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By Dayton Duncan | December 16, 1997
NEARLY 200 years ago, in late November of 1805, the members of the Lewis and Clark expedition huddled near the mouth of the Columbia River, having become the first American citizens to cross the continent by land.Far from home and pinned down for weeks by a relentless Pacific storm that William Clark (in his own imaginative spelling) called ''tempestous and horiable,'' the small band of explorers nevertheless found a tangible way to commemorate their remarkable achievement: They began carving their names into tree trunks -- so many times, it appears from Clark's journal entries, that few trees near their sodden campsites escaped their knife blades.
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NEWS
By Garrison Keillor | April 28, 2010
It's the best spring ever, green and lush, and baby robins are chittering in their nest in the maple tree, and the smell of blossoms is in the air — and yet we dour Scots cannot forget that April 27 was the anniversary of our ignominious defeat at the Battle of Dunbar, our good King John stripped of his regalia, and the Stone of Scone hauled off to London. Yes, I know that 1296 seems like a long time ago, and maybe 714 years is a wee bit long to be grinding our teeth over a bad day on the battlefield, but we Scots nurse our resentments carefully.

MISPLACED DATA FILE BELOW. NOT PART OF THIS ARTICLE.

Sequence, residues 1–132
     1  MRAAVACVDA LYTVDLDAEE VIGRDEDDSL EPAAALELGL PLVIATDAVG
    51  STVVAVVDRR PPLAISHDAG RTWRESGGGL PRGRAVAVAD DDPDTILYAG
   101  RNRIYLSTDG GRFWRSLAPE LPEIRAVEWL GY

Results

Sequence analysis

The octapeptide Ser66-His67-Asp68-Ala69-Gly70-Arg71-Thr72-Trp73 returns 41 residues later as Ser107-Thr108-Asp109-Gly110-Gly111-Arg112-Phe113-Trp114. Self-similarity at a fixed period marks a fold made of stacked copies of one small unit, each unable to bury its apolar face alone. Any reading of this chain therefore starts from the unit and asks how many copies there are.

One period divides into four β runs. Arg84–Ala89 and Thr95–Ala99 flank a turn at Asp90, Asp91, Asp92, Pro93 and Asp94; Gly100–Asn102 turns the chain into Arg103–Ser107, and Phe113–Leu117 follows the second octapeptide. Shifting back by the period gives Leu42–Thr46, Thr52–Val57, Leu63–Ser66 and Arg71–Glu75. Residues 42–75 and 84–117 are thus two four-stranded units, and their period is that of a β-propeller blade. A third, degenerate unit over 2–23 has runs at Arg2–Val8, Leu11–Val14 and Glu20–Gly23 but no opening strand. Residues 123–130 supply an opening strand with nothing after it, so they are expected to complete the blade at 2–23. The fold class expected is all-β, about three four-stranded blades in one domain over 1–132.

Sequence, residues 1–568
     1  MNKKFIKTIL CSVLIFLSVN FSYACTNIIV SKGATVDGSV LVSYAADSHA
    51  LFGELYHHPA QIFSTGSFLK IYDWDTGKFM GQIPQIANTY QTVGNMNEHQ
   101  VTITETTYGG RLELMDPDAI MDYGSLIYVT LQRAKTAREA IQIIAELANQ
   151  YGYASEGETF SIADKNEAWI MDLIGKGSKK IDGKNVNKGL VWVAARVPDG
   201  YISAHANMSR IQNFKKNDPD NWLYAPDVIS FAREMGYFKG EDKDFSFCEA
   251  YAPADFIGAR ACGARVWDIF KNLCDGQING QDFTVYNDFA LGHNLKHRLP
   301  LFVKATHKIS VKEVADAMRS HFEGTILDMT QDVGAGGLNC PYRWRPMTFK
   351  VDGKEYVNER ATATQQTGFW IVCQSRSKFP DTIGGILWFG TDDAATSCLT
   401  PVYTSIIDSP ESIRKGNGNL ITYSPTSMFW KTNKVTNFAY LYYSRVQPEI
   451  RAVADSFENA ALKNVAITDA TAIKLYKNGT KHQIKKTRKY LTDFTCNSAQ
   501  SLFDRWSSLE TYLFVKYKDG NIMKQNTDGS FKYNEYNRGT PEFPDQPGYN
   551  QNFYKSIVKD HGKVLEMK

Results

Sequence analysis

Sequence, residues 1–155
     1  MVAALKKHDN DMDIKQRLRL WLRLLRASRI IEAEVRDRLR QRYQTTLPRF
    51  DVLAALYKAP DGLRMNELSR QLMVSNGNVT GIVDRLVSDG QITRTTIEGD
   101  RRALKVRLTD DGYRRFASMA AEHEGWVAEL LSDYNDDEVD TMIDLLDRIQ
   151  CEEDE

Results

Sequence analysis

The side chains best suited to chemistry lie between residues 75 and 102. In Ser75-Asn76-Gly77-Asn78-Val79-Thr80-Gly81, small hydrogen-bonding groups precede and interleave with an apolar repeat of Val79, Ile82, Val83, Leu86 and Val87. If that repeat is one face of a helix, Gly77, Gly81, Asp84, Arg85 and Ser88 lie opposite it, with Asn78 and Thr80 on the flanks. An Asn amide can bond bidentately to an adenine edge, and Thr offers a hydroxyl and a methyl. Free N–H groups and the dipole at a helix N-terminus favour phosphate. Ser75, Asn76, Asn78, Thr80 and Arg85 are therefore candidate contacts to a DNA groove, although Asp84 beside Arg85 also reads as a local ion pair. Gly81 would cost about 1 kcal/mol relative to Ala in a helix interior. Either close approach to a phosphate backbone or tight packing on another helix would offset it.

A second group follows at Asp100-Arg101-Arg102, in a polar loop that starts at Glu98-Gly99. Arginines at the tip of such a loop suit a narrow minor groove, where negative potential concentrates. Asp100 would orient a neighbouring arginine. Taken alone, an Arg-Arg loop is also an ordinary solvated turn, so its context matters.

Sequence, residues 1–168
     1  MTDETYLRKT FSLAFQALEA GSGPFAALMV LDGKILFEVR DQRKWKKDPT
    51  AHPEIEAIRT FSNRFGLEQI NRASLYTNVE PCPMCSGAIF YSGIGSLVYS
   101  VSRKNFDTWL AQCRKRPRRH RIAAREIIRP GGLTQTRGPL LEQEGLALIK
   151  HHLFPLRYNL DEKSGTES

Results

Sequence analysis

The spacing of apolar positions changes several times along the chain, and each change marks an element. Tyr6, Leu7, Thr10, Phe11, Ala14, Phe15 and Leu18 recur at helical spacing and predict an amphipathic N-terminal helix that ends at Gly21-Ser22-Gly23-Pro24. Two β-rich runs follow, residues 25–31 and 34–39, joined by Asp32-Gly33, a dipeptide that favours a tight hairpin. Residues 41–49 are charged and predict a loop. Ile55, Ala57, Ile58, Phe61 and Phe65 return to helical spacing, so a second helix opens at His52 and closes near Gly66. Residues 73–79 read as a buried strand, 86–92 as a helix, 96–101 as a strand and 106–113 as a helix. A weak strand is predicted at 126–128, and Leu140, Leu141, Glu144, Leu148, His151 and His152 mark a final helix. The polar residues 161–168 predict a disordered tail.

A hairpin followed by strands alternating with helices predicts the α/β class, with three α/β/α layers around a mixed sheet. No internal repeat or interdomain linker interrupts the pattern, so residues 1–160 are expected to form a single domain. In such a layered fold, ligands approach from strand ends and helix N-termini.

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NEWS
By Heather Tepe and Heather Tepe,SPECIAL TO THE SUN | May 23, 2001
NAPOLEON, Thomas Jefferson and Sacajawea roamed the grounds of Longfellow Elementary School last week as children celebrated the 197th anniversary of the Lewis and Clark expedition by staging a re-enactment of the historic journey. More than 100 fourth- and fifth-graders took part as soldiers, Native Americans, politicians or members of the Corps of Discovery. "It was huge; it was incredible," said music teacher Nancy Terrill, who came up with the idea for the re-enactment. Terrill said Principal Lou Chillemi wanted to find a way to involve the entire school in learning the story of explorers Meriwether Lewis and William Clark.
FEATURES
May 14, 2008
May 14 1643 Louis the XIV became King of France at age 4 upon the death of his father, Louis the XIII. 1804 The Lewis and Clark expedition to explore the Louisiana Territory left camp near St. Louis, Mo.
FEATURES
By Chris Kaltenbach | November 4, 1997